Assuntos
Anticorpos Neutralizantes/sangue , Anticorpos Antivirais/sangue , Vacinas contra COVID-19/imunologia , Imunogenicidade da Vacina/imunologia , SARS-CoV-2/imunologia , Vacinas de Produtos Inativados/imunologia , Adulto , COVID-19/imunologia , COVID-19/prevenção & controle , Comorbidade , Feminino , Pessoal de Saúde/estatística & dados numéricos , Humanos , Imunização Secundária , Imunoglobulina G/sangue , Masculino , Pessoa de Meia-Idade , Estudos Prospectivos , Vacinação , Adulto Jovem
5.
J Med Virol ; 94(1): 287-290, 2022 01.
Artigo em Inglês | MEDLINE | ID: mdl-34487373

RESUMO

In the 10th month of the pandemic, coronavirus disease 2019 (COVID-19) vaccination was given first to healthcare workers in Turkey after receiving emergency use approval from the Ministry of Health. This study, which was performed at the COVID-19 reference center in Ankara (the capital of Turkey) aimed to evaluate the seroconversion rate of the CoronaVac vaccine. The anti-spike immunoglobulin G response to the two-dose vaccination was retrospectively examined in healthcare workers who had no previous history of severe acute respiratory syndrome coronavirus 2 (SARS-CoV-2) infection. The postvaccine seroconversion rate was investigated by measuring the antibody levels of healthcare workers who had received CoronaVac. Vaccination was administered as 600 SU in 28-day intervals. The healthcare workers' anti-SARS-CoV-2 immunoglobulin G levels were used to determine the seroconversion rate 2 months after the second dose of the vaccine. Of the healthcare workers, 22.9% (n = 155) were seronegative. The younger the age of the participant, the higher the level of anti-SARS-CoV-2 immunoglobulin G. Furthermore, anti-SARS-CoV-2 immunoglobulin G levels were much higher in women than men.


Assuntos
Anticorpos Neutralizantes/sangue , Anticorpos Antivirais/sangue , Vacinas contra COVID-19/imunologia , COVID-19/prevenção & controle , Imunização Secundária/métodos , SARS-CoV-2/imunologia , Adulto , Idoso , COVID-19/imunologia , Proteínas do Nucleocapsídeo de Coronavírus/imunologia , Feminino , Pessoal de Saúde/estatística & dados numéricos , Humanos , Esquemas de Imunização , Imunoglobulina G/sangue , Masculino , Pessoa de Meia-Idade , Fosfoproteínas/imunologia , Estudos Retrospectivos , Soroconversão/fisiologia , Turquia , Vacinas de Produtos Inativados/imunologia , Vacinas Sintéticas/imunologia , Adulto Jovem
6.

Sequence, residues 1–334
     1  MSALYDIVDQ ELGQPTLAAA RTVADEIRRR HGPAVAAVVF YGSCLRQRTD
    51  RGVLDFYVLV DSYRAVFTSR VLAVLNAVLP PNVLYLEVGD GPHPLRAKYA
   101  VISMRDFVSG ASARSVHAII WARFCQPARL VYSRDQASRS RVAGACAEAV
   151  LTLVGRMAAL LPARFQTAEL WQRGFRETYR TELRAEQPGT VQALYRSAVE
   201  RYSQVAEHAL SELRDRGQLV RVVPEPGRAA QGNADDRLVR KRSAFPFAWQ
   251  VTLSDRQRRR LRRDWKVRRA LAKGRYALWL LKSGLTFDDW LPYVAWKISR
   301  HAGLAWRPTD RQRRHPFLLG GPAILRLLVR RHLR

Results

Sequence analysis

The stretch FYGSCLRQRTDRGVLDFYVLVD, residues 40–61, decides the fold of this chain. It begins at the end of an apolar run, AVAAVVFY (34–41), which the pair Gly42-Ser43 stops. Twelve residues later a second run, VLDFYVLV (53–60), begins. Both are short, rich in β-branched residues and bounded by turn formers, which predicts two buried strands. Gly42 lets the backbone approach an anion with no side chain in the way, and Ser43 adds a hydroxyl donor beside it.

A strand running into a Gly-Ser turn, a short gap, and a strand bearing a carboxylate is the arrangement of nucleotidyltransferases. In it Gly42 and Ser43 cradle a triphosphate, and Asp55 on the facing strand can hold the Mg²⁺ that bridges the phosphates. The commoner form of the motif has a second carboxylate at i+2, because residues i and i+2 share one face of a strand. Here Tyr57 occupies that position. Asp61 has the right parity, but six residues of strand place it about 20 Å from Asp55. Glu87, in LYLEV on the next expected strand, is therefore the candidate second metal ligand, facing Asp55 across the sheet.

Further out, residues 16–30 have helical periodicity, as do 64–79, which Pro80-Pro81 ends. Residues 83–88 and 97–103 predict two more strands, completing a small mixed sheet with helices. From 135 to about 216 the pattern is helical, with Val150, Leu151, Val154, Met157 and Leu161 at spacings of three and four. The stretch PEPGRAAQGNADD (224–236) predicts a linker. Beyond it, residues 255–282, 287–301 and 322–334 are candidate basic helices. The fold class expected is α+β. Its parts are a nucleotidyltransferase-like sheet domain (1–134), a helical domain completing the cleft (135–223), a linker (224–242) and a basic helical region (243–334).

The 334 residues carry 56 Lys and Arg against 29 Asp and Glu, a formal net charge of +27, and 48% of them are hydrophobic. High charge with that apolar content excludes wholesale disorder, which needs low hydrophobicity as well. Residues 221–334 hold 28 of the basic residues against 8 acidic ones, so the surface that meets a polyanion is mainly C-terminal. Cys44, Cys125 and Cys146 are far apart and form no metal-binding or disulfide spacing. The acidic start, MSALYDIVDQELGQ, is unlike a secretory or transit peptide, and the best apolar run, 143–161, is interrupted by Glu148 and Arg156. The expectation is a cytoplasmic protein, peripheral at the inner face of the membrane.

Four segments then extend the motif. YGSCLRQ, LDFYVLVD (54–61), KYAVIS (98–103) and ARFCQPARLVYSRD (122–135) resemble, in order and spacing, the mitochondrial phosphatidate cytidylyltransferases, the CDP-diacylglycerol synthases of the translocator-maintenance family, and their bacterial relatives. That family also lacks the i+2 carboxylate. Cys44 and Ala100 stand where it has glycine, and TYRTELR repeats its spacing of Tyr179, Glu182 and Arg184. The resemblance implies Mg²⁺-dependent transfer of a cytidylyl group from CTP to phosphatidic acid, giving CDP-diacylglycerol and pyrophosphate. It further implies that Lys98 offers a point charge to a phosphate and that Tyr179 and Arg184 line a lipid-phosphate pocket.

J Med Virol ; 94(1): 407-412, 2022 01.
Artigo em Inglês | MEDLINE | ID: mdl-34491572

RESUMO

The ChAdOx1 nCoV-19 vaccine (Oxford University-Astra Zeneca) has demonstrated nearly 70% efficacy against symptomatic COVID-19 in trials and some real-world studies. The vaccine was the first to be approved in India in early January 2021 and is manufactured by the Serum Institute of India. Favorable short-term safety data of the vaccine in India in a real-world setting has been recently demonstrated. Here, we report secondary objective (COVID-19 occurrence) measures of the same ongoing prospective observational study in prioritized recipients of the vaccine. The findings are based on participants who could complete at least 2 months of follow-up (n = 1500; female/male: 472/1028; mean age: 38.8 years). Laboratory confirmed SARS-CoV-2 infection was observed in 27/65 participants (41%) who received a single dose and 271/1435 (19%) who received both doses. Specifically, among doctors, 18/27 (66.7%) one dose recipients and 131/377 (34.7%) fully vaccinated developed SARS-CoV-2 infection. The majority of the cases were mild in all groups, and most were breakthrough infections. The occurrence of "severe" COVID-19 was 7.7 times lower (0.4%) in fully vaccinated participants compared to partially vaccinated (3.1%). Four deaths were observed in the study. One of the four deaths was due to sepsis, two due to unspecified cardiac events, and one due to unspecified post-COVID-19 complications. The results of this preliminary analysis necessitate vigorous research on the performance of vaccines against variants, optimal timing of vaccination, and also optimal timings of effectiveness studies to guide future vaccination policy.


Assuntos
Vacinas contra COVID-19/imunologia , COVID-19/prevenção & controle , Imunogenicidade da Vacina/imunologia , SARS-CoV-2/imunologia , Adulto , COVID-19/epidemiologia , COVID-19/mortalidade , Comorbidade , Feminino , Humanos , Imunização Secundária/estatística & dados numéricos , Índia/epidemiologia , Masculino , Estudos Prospectivos , Índice de Gravidade de Doença , Vacinação
10.